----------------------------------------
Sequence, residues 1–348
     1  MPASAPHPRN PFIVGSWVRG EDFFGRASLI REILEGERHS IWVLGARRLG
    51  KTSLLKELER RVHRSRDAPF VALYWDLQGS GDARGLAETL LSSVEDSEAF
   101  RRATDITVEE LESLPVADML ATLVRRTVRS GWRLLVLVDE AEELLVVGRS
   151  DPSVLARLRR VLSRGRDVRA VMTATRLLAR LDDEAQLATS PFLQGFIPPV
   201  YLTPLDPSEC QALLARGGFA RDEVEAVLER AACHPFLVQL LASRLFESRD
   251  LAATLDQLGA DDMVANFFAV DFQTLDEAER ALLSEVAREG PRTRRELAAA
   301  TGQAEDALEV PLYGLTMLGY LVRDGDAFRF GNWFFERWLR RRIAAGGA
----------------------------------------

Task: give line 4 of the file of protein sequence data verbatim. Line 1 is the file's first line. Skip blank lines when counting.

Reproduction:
   101  RRATDITVEE LESLPVADML ATLVRRTVRS GWRLLVLVDE AEELLVVGRS